How to store vinyl records like a pro in 21st century?

My friend Martin, who had just purchased his first few vinyl albums and his first record player, asked me how he should store his vinyl records as he was a complete newbie and wanted my help. I told him everything, like keeping the records at the appropriate temperature, ensuring the environment is not too humid, and the records don’t come in direct contact with sunlight and heat, and vertically filing them rather than keeping them flat for a more extended period.

These were the things that I followed myself to ensure that my vinyl stayed in the best shape.

At that very moment, the thought of writing this blog came to my mind. My inner voice said there could be more people out there who have the same question but don’t have a friend like me to help them.

Here I am to help everyone who has the same doubts and can benefit from my years of experience, learnings from a few damaged records and knowledge.

Things to keep in mind before storing vinyl records

Things to keep in mind before storing vinyl records

Before you go ahead and store your LPs, there are a few conditions that you should consider to keep your records vibrant and in the best shape.

Maintain right temperature 

Maintain right temperature 

We all know that records are made up of PVC (polyvinyl chloride), a type of plastic. Products made of PVC, like wall panels, pipes, etc., are famous for lasting longer.

But like every other thing, PVC also has a weak spot. It cannot last against temperatures more than 140 °F (60 °C), and if your vinyl records are exposed to this temperature for a period of time, you may start to see them warp. 

Usually, no corner of your house will reach this temperature until you are experiencing a severe heat wave and your air conditioning is not working. But sometimes, we store our records in poorly insulated corners like car trunks, garages, and attics where temperatures reach up to 140 °F.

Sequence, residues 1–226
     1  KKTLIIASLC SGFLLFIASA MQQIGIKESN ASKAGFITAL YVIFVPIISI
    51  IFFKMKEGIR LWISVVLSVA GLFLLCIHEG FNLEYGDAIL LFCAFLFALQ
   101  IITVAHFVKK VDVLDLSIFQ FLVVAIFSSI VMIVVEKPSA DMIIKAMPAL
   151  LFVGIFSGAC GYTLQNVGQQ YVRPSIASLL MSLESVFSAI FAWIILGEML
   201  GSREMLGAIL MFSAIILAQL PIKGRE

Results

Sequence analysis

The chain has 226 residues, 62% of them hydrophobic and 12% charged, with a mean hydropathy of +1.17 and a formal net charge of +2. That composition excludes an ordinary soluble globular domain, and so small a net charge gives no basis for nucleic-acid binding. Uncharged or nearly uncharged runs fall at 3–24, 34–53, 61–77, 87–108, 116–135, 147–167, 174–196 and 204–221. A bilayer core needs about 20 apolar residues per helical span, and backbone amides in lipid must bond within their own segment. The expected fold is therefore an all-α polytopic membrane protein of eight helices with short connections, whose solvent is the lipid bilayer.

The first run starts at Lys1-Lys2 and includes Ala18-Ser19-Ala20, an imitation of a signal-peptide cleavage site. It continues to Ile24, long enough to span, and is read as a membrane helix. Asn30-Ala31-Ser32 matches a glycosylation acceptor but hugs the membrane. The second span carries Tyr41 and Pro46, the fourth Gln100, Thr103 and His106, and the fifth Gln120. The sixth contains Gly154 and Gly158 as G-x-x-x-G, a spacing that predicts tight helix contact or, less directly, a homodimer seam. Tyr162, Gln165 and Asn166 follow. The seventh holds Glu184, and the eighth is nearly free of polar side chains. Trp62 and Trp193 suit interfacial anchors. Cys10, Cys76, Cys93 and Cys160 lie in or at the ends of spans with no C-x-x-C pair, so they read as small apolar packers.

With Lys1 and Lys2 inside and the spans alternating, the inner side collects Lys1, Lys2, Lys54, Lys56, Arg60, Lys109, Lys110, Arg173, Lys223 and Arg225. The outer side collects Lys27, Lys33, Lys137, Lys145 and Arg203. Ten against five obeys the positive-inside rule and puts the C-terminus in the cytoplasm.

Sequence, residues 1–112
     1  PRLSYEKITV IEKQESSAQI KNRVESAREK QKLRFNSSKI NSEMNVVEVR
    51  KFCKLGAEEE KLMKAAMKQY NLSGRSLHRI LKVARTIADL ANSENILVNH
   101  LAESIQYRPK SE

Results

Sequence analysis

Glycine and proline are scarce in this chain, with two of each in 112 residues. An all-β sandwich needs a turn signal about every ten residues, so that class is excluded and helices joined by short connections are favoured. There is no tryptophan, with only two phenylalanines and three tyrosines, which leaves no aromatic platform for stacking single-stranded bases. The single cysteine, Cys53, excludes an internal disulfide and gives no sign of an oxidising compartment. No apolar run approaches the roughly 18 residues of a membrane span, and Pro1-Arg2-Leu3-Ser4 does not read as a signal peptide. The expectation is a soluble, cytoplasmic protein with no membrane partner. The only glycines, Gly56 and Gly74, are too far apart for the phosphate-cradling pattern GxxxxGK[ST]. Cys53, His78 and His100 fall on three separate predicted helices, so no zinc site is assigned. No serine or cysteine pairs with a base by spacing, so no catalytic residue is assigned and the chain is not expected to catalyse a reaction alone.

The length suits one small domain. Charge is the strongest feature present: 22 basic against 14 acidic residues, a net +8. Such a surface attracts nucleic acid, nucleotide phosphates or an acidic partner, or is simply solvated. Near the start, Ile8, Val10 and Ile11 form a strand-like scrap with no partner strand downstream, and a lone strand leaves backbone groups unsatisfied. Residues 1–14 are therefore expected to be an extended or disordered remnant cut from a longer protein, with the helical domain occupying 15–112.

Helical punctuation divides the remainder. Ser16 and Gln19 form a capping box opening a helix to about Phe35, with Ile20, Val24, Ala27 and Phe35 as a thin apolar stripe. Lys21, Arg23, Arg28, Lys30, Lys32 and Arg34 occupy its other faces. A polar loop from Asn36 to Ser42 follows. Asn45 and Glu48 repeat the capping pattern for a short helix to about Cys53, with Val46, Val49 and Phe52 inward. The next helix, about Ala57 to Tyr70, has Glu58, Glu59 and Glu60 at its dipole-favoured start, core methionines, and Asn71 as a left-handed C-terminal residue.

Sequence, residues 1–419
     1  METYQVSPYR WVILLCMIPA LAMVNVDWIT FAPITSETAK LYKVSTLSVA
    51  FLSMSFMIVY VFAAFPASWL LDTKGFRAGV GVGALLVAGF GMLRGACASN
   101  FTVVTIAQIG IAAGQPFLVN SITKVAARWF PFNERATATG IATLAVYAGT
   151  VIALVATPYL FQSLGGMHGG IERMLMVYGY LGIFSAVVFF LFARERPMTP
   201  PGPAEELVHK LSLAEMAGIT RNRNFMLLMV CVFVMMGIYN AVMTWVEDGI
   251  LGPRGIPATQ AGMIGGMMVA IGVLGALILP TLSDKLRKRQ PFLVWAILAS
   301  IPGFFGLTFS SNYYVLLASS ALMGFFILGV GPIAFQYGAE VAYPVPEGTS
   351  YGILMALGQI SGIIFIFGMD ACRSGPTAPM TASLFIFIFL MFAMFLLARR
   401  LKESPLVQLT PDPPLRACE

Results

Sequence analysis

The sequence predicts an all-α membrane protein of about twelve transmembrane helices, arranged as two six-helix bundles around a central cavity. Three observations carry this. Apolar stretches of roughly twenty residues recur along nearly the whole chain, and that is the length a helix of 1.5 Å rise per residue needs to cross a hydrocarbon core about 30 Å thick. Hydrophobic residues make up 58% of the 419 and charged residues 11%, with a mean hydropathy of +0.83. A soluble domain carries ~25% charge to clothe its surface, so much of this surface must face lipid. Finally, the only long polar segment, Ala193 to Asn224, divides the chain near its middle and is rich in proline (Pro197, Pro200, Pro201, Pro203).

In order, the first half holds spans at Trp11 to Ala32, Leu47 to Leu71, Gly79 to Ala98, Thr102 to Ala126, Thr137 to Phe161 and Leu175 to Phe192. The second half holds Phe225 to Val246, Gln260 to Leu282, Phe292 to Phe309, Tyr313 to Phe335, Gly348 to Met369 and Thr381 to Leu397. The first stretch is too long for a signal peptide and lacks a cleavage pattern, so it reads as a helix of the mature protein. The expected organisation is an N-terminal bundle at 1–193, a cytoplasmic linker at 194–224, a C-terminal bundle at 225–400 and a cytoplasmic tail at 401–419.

It is advised to keep your records in an environment where the temperature stays between 65 to 70 °F (18-21°C).

To maintain the right temperature, try investing in a WIFI thermometer that gives you an alert whenever the temperature goes beyond 65°F.

Keep away from humidity and water

Among temperature, the right humidity is also extremely important to ensure the longevity of your vinyl collection. Humidity above 45% to 50% can attract mildew and mold. The record can become unplayable if too much mold accumulates in the vinyl grooves.

It also affects your record sleeves, which can become easily fall apart.

The most practical way to fix this problem is to keep your LPs in a place where humidity is maintained between the desired levels. A hygrometer is an ideal device to track humidity levels where you store your records.

Remember to keep your records in a cool, dry place away from the water pipes or where there is a slight possibility of water leakage that can damage your records.

Protect from direct sunlight

Protect vinyl records from direct sunlight

There is nothing better than a room full of natural sunlight if you are deprived of vitamin D. Where sunlight is good for your bone health, it is terrible for your vinyl collection. Why? Because of two things that come with the sunlight: ultraviolet rays and heat.

While heat from the sunlight can cause your LPs to warp, ultraviolet rays can affect your album artwork. By keeping your records away from direct sunlight, you can protect them from heat and keep the album artwork as good as new.